» The FAO Food Price Index* (FFPI) averaged 96.1 points in August 2020, up 1.8 points (2.0 percent) from July and 2.1 points (2.2 percent June) higher than its level in the corresponding month last year. The August value, the highest since February 2020, represented an increase for the third consecutive month. While a weaker U.S. dollar provided support to international prices of most agricultural commodities, in August the price increases were more pronounced for sugar and vegetable oils with cereal prices also firming, though more modestly. By contrast, meat and dairy values kept steady near their July levels.
» The FAO Cereal Price Index averaged 98.7 points in August, up 1.8 points (1.9 percent) from July and 6.5 points (7.0 percent) above its value in the corresponding month last year. Among the major cereals, sorghum, barley, maize, and rice prices rose the most. Sorghum prices increased significantly for the second consecutive month, up 8.7 percent from July and 33.4 percent above the August 2019 level, mostly on the back of strong import demand from China. Barley prices also picked up strength, increasing by 3.2 percent month-on-month, reflecting a faster pace in exports from Argentina to China. Concerns over production prospects in the US following recent crop damages in Iowa pushed maize prices up by a further 2.2 percent in August. International rice prices also rose, after two months of successive declines, underpinned by seasonally tight availabilities and increasing African demand. In wheat markets, export prices rose, albeit slightly, as lower production prospects in Europe and increased buying interest started to push up prices towards the end of the month.
» The FAO Vegetable Oil Price Index averaged 98.7 points in August, gaining 5.5 points (5.9 percent) month-on-month and reaching its highest level since January 2020. The third consecutive monthly rise mainly reflects firmer palm oil values and, to a lesser extent, higher soy, sunflowerseed and rapeseed oil prices. Increased international palm oil prices mainly reflect prospective production slowdowns in leading producing countries, which, combined with firm global import demand, are expected to result in reduced inventory levels. Meanwhile, soyoil values continued to rise amid better than anticipated uptake from the US biodiesel industry. Sunflowerseed oil prices were supported by robust import demand, notably from China, while continued supply tightness underpinned the further rise in rapeseed oil values.
» The FAO Dairy Price Index averaged 102.0 points in August, almost unchanged from July and up 1.7 points (1.7 percent) from the corresponding month last year. Quotations for both cheese and whole milk powder (WMP) fell due to reduced demand for spot supplies on expectations of ample export availabilities in Oceania in the new production season. By contrast, price quotations for butter increased as a result of tightening export availabilities in Europe due to a rise in internal demand while the August hot spell reduced milk production, which was already in its seasonal decline. Meanwhile, quotations for skim milk powder (SMP) increased, underpinned by steady global import demand for medium-term deliveries and reduced milk production in Europe.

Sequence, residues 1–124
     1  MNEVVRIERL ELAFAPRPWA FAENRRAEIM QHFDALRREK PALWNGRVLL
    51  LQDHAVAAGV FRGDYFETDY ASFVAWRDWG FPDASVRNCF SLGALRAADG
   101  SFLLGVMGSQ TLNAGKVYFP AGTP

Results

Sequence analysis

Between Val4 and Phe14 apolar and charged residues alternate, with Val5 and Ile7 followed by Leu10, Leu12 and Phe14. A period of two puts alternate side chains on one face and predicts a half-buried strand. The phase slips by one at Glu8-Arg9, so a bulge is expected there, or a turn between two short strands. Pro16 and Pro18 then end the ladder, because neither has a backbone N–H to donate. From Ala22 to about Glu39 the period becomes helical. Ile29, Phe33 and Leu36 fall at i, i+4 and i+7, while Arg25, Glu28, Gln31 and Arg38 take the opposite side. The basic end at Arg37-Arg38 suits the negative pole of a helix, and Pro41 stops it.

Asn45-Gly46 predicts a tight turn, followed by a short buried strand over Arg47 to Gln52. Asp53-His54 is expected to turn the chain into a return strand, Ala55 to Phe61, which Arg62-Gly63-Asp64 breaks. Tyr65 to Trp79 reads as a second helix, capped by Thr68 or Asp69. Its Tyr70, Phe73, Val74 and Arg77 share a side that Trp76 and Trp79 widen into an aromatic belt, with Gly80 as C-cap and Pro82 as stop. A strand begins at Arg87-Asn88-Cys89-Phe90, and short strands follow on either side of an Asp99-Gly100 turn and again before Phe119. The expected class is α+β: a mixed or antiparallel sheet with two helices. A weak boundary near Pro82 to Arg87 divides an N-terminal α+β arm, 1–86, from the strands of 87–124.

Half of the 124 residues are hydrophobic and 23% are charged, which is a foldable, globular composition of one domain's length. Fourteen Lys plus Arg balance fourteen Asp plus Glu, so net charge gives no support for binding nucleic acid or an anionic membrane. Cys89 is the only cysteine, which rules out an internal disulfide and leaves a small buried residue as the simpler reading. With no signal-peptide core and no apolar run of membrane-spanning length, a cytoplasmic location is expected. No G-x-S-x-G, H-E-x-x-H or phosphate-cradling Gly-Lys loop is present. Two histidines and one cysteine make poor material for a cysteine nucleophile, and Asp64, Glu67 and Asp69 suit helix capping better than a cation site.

» The FAO Meat Price Index** averaged 93.2 points in August, almost unchanged from its July value and down 9.1 points (8.9 percent) from the corresponding month last year. In August, quotations for bovine and poultry meat declined, caused by a weaker pace of import purchases, notwithstanding reduced slaughter of animals and processing in key producing regions. Meanwhile, price quotations for ovine meat fell due to weak import demand amid an influx of new season lamb supplies in Oceania. By contrast, pig meat prices rose after four months of consecutive declines, as imports by China surged while global supplies tightened somewhat due to lighter slaughter weight, coupled with prolonged plant shutdowns in some producing regions.
» The FAO Sugar Price Index averaged 81.1 points in August, up 5.1 points (6.7 percent) from July and 4.9 points (6.4 percent) higher than in August 2019. The latest month-on-month increase reflected the prospects of a reduction in production due to unfavourable weather conditions in the EU as well as in Thailand, the world’s second largest sugar exporter. Strong sugar import demand by China, driven by a sustained rise in domestic consumption, provided additional support to prices. However, expectations of a bumper sugar crop in India contained the extent of the price increase.
*Effective July 2020, the price coverage of the FFPI has been expanded and its base period revised to 2014-2016. For more details on this revision, please see the feature article of the June 2020 issue of the Food Outlook.
** Unlike for other commodity groups, most prices utilized in the calculation of the FAO Meat Price Index are not available when the FAO Food Price Index is computed and published; therefore, the value of the Meat Price Index for the most recent months is derived from a mixture of projected and observed prices. This can, at times, require significant revisions in the final value of the FAO Meat Price Index which could in turn influence the value of the FAO Food Price Index.
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